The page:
Study: Rare Disorder That Causes Headaches Is on the Rise, Especially in Women

Woman holding head by computer screen with a headache.

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Key Takeaways

  • Idiopathic intracranial hypertension (IIH) is considered a rare disorder; however, a new study shows that cases are rising.
  • IIH cases are increasing alongside rising obesity rates.
  • Women are most often affected by IIH, which can cause headaches and vision problems.

When is a headache more than a headache? For patients diagnosed with idiopathic intracranial hypertension (IIH), what starts as a debilitating headache can lead to other symptoms, like vision loss.

According to a new study published on January 20 in the journal Neurology, IIH cases are on the rise.

What Is IIH?

Idiopathic intracranial hypertension (IIH) occurs when there is pressure in the skull caused by an increased volume of spinal fluid. The increased pressure causes a sudden but intense headache, as well as a loss or inhibition of vision. IIH is often initially diagnosed as a brain tumor and is more common in women than men.

The Study

Researchers in Wales analyzed data from 2003-2017 which showed a significant increase in IIH cases. The results also showed that there were common factors in IHI cases, including weight, sex, and socioeconomic circumstances.

The study's lead researcher, William Owen Pickrell, PhD, MRCP, a consultant neurologist and honorary clinical associate professor at Swansea University in Wales, tells Verywell that IHI is often found by eye doctors who are investigating a loss of vision and find swelling of the optic discs.

"What we refer to as your optic nerves are really an extension of your brain, and not really a separate nerve," Pickrell says. "It's a part of your brain that's surrounded by a thin layer of spinal fluid. When the pressure increases, the fluid around the optic center increases, which is quite sensitive."

Left unchecked, IIH can lead to severe vision loss, as well as continuing headache pain.

Treatment for severe cases can include brain surgery to relieve the pressure from the excess fluid through a cranial shunt. Non-surgical treatments include medication and weight loss.

What This Means For You

Idiopathic intracranial hypertension is more than just a headache. Women, especially those who overweight and/or are socioeconomically disadvantaged, are more likely to develop IHI. If you are experiencing severe headache pain and vision loss, reach out to your doctor for treatment.

IIH and Obesity Rates Both Rising

The researchers found that the incidence of IIH has increased six-fold over the course of the 15-year study. During that time, obesity rates have also been rising.

Pickrell says that the rates of IIH diagnosis have risen proportionately to the rates of obesity. "The main treatment is weight loss, although that is very, very difficult," Pickrell says. Gastric bypass or band surgery is rare in Wales, which means that most patients have to approach weight loss with diet and exercise.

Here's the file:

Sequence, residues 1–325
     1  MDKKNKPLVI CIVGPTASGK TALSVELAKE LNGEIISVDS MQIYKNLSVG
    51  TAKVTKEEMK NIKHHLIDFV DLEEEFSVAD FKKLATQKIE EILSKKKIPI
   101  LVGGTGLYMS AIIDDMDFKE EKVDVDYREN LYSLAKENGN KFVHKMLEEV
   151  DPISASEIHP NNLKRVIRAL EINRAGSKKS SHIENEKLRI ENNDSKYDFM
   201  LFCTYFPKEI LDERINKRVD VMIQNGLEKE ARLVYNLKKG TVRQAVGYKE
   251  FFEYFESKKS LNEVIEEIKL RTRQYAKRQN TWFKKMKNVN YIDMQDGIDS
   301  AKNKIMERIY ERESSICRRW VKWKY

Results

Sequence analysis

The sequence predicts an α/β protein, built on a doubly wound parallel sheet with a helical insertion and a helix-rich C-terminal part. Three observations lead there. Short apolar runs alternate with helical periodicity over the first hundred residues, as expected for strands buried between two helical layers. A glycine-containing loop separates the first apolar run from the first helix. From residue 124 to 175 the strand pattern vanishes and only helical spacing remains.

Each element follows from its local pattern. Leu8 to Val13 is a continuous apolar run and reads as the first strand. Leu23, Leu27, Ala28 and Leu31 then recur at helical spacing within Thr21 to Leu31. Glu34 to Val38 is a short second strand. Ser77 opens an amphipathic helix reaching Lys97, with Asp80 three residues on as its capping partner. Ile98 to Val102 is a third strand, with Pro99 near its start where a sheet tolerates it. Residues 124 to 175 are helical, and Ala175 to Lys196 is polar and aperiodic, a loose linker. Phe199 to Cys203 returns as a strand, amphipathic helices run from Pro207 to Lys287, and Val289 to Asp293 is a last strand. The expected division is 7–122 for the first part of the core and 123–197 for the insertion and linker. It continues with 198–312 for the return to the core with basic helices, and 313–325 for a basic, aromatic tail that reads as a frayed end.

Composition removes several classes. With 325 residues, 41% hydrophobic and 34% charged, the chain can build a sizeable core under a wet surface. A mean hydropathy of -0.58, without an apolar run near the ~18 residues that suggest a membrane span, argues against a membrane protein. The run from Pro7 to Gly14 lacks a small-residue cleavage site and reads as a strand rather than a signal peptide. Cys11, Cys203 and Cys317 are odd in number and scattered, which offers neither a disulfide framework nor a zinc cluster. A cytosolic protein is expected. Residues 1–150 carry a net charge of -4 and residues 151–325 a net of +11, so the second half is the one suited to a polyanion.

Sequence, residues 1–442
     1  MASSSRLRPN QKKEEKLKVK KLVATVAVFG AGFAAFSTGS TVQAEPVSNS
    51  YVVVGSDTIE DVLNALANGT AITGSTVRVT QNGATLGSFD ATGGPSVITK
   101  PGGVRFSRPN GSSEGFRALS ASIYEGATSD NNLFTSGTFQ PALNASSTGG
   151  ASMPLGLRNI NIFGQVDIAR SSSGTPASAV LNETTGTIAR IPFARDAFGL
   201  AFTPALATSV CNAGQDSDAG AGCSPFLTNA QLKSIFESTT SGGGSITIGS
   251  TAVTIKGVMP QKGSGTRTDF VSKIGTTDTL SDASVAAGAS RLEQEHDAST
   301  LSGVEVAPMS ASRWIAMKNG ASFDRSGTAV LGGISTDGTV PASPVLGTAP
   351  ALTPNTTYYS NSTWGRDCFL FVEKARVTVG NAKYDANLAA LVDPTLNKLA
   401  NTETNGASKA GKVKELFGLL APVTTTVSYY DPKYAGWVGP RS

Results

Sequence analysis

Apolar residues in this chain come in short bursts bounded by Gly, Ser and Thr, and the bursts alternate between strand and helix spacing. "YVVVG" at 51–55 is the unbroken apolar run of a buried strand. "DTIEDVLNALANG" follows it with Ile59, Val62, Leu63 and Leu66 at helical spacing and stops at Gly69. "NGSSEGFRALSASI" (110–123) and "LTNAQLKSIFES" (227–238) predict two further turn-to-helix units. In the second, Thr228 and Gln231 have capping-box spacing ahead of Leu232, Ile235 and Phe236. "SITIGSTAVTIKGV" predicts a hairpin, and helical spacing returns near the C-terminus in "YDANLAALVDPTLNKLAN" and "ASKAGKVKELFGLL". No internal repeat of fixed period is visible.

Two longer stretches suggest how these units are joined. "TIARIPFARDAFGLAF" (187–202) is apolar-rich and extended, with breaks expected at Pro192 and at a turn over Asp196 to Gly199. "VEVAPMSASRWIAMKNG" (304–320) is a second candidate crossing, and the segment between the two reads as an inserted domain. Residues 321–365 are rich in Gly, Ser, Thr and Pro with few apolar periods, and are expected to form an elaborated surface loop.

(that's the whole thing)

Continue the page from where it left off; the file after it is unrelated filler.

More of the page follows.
There is currently a clinical trial being conducted by the University of Birmingham to investigate whether bariatric surgery or structured weight loss programs could be effective methods of reducing IIH.

Both men and women can be afflicted by IIH, although it is far more prevalent in women—especially those of childbearing age.

Pickrell says that researchers are still studying why women are more likely to develop IIH. Regardless of whether they were male or female, weight was a consistent factor among those diagnosed with the condition.

The Role of Socioeconomic Circumstances

Pickrell also found that deprivation levels seemed to play a part in IHI—especially for women. The study indicated that women with fewer socioeconomic advantages were at a particularly increased risk for IHI.

What Is Deprivation?

Deprivation refers to several factors, including income stability, access to healthcare, education, safe housing, and community safety, among others.

Using the Welsh Index of Multiple Deprivation (WIMD), Pickrell and his colleagues found that women with higher deprivation rates were more likely to have IIH.

"So many diseases and health outcomes are linked to deprivation, really," Pickrell says. "Chronic diseases are more common, and the outcomes are worse. Nutrition is certainly a factor. Obesity is more common in more deprived areas. It could be environmental pollution or smoking rates."

However, Pickrell says that he cannot make any firm conclusions about why deprivation is linked to IHI. Within the parameters of the study, deprivation was geographically based on where patients lived rather than on the patients' individual deprivation level.

3 Sources
Verywell Health uses only high-quality sources, including peer-reviewed studies, to support the facts within our articles. Read our editorial process to learn more about how we fact-check and keep our content accurate, reliable, and trustworthy.
  1. Cedars-Sinai. Idiopathic intracranial hypertension.

  2. Miah L, Strafford H, Fonferko-Shadrach B, Hollinghurst J, Sawhney IM, Hadjikoutis S, et al. Incidence, prevalence and healthcare outcomes in idiopathic intracranial hypertension: a population study [published online ahead of print, 2021 Jan 20]. Neurology. 2021. doi:10.1212/WNL.0000000000011463

  3. University of Birmingham. IIH: WTT trial.

By Rachel Murphy
Rachel Murphy is a Kansas City, MO, journalist with more than 10 years of experience.